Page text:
In 1967, the year Northeastern’s Marine Sci­ence Center was estab­lished, the world was a dif­ferent place. There were four bil­lion fewer people then, and the global tem­per­a­ture was nearly one degree cooler. Indus­trial fishing prac­tices were still rel­a­tively new, and con­crete sea­walls were sprouting up along coast­lines around the globe. New England’s cod fishery and the world’s coral reefs were both still thriving, and the human com­mu­ni­ties and economies that relied on those species were too.

Nearly a half-​​century later, it’s been shown that ver­tical sea­walls are dam­aging the very coasts they were intended to pro­tect and indus­trial fishing prac­tices threaten many of the world’s fisheries.

At a kickoff event last Wednesday night to the inau­gural Sus­taining Coastal Cities con­fer­ence held at North­eastern, world-​​renowned oceanog­ra­pher Sylvia Earle said “we are living in the sweet spot.” With today’s sci­ence and tech­nology, we are begin­ning to under­stand how our past has impacted our present, and how we can use that infor­ma­tion to steer our­selves toward a more sus­tain­able future, she said.

The day­long con­fer­ence last Thursday wel­comed nearly 200 guests from around the world into Curry Stu­dent Center Ball­room, where Marine Sci­ence Center fac­ulty and their col­leagues from leading national and inter­na­tional marine insti­tutes began a new con­ver­sa­tion about the past, present, and future of marine sys­tems and our place within them.

World-​​renowned oceanog­ra­pher Sylvia Earle spoke on Thursday night as a kick-​​off to the Sus­taining Coastal Cities con­fer­ence. Photo by Brooks Canaday.

Located 25 min­utes out­side of Boston, Northeastern’s Marine Sci­ence center offers fac­ulty and stu­dents a unique oppor­tu­nity to study imme­diate human impacts on the urban coastal system. Marine sci­ence researchers are building global col­lab­o­ra­tions and con­ducting ground­breaking research in areas like under­water robotics and the effects of cli­mate change on the globe’s coastlines.

A sus­tain­able marine system doesn’t just have more fish, but also a healthy human com­mu­nity and economy,” said Larry Crowder, the director of Stan­ford University’s Center for Ocean Solu­tions. He empha­sized the need to con­sider the social-​​ecological system as fully cou­pled between humans and marine species.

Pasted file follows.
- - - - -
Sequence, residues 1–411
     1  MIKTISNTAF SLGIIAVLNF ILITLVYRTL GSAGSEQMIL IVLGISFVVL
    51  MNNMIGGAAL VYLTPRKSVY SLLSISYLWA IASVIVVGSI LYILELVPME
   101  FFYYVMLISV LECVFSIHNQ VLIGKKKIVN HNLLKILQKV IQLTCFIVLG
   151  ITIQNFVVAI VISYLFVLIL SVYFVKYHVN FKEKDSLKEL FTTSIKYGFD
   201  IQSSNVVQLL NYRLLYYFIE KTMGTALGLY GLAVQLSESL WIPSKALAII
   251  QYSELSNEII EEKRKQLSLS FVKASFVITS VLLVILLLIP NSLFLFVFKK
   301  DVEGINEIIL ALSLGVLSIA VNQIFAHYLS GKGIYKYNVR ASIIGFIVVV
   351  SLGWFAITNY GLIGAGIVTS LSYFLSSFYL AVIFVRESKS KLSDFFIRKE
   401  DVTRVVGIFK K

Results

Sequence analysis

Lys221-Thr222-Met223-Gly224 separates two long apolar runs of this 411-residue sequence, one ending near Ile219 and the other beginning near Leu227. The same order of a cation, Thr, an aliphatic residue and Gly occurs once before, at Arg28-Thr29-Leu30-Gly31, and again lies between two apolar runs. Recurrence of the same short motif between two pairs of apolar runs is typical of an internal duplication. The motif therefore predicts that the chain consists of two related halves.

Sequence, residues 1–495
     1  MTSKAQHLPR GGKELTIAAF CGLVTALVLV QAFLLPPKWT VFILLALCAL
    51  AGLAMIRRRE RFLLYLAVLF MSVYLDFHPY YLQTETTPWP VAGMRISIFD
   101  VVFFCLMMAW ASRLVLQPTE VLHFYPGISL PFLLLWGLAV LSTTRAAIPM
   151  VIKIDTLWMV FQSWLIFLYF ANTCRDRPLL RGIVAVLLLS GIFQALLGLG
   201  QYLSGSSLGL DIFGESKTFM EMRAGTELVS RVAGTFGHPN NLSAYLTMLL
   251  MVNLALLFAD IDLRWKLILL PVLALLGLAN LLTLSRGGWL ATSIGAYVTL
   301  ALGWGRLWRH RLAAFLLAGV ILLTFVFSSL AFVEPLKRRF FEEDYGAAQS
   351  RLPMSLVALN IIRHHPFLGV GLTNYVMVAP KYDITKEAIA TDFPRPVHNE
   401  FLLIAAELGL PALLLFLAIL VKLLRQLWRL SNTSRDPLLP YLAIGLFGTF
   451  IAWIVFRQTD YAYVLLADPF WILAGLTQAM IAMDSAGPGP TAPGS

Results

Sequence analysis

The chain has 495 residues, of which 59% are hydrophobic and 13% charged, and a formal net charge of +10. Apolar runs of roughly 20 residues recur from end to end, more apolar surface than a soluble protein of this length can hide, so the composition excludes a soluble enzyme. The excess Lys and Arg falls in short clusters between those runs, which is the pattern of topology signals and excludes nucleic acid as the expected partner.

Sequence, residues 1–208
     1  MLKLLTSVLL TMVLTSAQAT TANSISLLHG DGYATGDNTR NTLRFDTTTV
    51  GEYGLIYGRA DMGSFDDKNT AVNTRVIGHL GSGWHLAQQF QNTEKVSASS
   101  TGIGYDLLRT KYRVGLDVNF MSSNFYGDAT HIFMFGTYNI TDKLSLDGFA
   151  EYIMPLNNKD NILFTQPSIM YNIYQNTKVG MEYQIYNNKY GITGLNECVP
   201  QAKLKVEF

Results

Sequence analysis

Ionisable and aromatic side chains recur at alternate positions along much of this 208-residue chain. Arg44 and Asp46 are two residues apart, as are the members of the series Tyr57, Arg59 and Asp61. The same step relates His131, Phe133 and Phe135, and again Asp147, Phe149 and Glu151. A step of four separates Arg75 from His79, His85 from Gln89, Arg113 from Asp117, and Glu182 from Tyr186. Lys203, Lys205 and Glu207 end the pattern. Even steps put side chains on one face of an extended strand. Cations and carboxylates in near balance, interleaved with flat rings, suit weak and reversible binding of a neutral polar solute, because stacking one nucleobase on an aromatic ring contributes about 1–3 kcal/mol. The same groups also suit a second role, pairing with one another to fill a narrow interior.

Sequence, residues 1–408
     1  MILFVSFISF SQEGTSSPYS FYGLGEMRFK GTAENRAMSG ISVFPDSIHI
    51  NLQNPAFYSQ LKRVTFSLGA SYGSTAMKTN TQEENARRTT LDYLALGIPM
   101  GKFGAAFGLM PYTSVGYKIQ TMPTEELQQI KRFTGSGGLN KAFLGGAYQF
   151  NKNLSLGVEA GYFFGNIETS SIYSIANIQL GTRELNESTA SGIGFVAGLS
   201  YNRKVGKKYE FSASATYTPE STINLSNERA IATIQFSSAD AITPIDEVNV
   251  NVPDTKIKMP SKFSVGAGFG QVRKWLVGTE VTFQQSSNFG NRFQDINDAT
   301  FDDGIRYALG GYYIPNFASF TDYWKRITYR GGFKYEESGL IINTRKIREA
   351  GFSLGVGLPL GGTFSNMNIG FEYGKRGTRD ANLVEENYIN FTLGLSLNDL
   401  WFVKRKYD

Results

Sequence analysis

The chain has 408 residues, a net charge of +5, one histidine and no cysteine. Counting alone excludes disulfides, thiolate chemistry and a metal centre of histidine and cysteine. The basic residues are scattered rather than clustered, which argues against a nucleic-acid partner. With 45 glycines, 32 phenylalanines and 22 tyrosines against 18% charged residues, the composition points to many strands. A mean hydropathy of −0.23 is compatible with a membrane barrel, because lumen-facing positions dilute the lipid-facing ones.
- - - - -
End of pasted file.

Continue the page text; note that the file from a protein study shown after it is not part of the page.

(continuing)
The demand for fish as food, which sup­plies 20 per­cent of the world’s pro­tein, will only sky­rocket as our pop­u­la­tion con­tinues to grow, said Steven Gaines, dean of the Bren School of Envi­ron­mental Sci­ence and Man­age­ment at the Uni­ver­sity of Cal­i­fornia Santa Bar­bara. As such, sustainable—if large scale—fishing prac­tices are becoming ever more critical.

But the moti­va­tion to be sus­tain­able is still over­shad­owed by a short-​​sighted economy, said Dan Adams, assis­tant pro­fessor of archi­tec­ture at North­eastern. “The eco­nomic stream is all about con­sump­tion,” he said. “How do we change it to an economy of con­ser­va­tion and preservation?”

Fish are impor­tant way beyond the pro­tein their bodies pro­vide, said Ove Hoegh-​​Guldberg, director of the Global Change Insti­tute and pro­fessor of marine sci­ence at the Uni­ver­sity of Queens­land. They are an inte­gral part of a com­plex ocean system, which pro­duces 50 per­cent of our oxygen and absorbs 30 per­cent of our excess carbon dioxide and 95 per­cent of our excess heat. Threats to fish pop­u­la­tions equal threats to the oceans, and threats to the oceans mean bigger global envi­ron­mental chal­lenges for our chil­dren and grandchildren.

While the out­look seems grim, Steven Hawkins, dean and pro­fessor at the Uni­ver­sity of Southampton, said “small inter­ven­tions can make a huge dif­fer­ence. It doesn’t take much to reestab­lish a failing oyster com­mu­nity: All you need is the right design and the right frame of mind.”

Geoff Trussell, director of the Marine Sci­ence Center and the visionary behind the first-​​of-​​its-​​kind con­fer­ence, said North­eastern is “bringing people to campus who are inter­ested in walking the walk rather than just talking the talk.” With the Urban Coastal Sus­tain­ability Ini­tia­tive, Trussell and his col­leagues are building an inter­dis­ci­pli­nary pro­gram aimed at taking the dis­cus­sion into the com­mu­ni­ties that are directly affected by the issues at hand.

Our des­tiny is inter­twined with the oceans,” said Hoegh-​​Guldberg. “If they go down, we go down as well.”

Trussell hopes the con­ver­sa­tion started on Thursday will help pre­vent that from happening.